Site investigations will look for construction typology, use and spaces in the Bourneville area in South Birmingham, proposed as an ideal community and providing a rich environment of socially beneficial spaces.
A terraced street. Rows of fronts joined together to make, in some cases, a unified facade of repeated elements – like this one. The street becomes a place which is (as well as pretty straight) enclosed by a continuous patterned wall of doors, windows, brick and roofs. This is the smart public face, seen here with some nice ornamental mouldings which link together across the units. Nice.
The back is all different, because the back is a group of adjacent inhabited private spaces. Garden, fence, garden, fence. Even above the ground the architecture breaks out of the formality of the flat facade and steps forward, back, forward, back as the houses reach out into the space to get more rooms and more light into them. The walls go forward the roofs go with them. It makes a nice little pattern, up and down, as you can see here. Enjoy the sunshine people and look around.
Two doors from one corner, on the left hand going east, the line was broken by the entry of a court; and just at that point, a certain sinister block of a building thrust forward its gable on the street. It was two storeys high; showed no window, nothing but a door on the lower storey and a blind forehead of discoloured wall on the upper; and bore in every feature the marks of a prolonged and sordid negligence. The door, which was equipped with neither bell nor knocker, was blistered and distained.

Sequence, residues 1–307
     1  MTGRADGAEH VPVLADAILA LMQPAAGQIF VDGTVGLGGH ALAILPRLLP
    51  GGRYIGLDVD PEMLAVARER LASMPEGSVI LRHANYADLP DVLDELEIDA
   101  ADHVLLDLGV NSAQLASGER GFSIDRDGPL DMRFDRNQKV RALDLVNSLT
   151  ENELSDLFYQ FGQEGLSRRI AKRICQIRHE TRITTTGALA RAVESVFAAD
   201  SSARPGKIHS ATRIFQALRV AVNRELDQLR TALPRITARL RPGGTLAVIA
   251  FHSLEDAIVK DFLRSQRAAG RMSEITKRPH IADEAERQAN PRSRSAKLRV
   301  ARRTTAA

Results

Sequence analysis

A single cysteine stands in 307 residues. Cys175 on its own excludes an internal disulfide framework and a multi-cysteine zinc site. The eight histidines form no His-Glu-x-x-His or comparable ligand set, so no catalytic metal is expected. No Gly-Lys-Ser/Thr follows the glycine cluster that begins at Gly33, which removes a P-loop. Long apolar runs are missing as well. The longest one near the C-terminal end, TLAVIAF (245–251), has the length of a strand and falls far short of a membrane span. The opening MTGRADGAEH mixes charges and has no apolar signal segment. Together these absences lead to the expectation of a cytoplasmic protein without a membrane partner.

“Did you ever remark that door?” he asked; and when his companion had replied in the affirmative, “It is connected in my mind,” added he “with a very odd story.”
“Indeed!” said Mr Utterson, with a slight change of voice, “and what was that?”
– Robert Louis Stevenson, Dr Jekyll and Mr Hyde
Check out this baby! Lots of roof, lots of gable. She steps right forwards and drops down to the entrance. Look at the outside and you can almost see the entrance hall – under the lamp, press on the oak, through the big door frame and you are in the space between the structural wall seen upstairs and the thick wall with the fireplace making up the living room. Your very own baronial hall on a tiny scale. Bet the stairs are nice too. With Arts and Crafts everything needs to have character and be part of a romantic story. Look at the tiny windows below the big eaves to the right. Says hallway to me. Look at the windows on the end gable. That loft room surely has exposed beams like Anne Hathaway’s cottage. What about the diamond in the top of the street front gable. If there’s a room for writing a secret letter you have just found it. Now get on the horse and ride like the wind!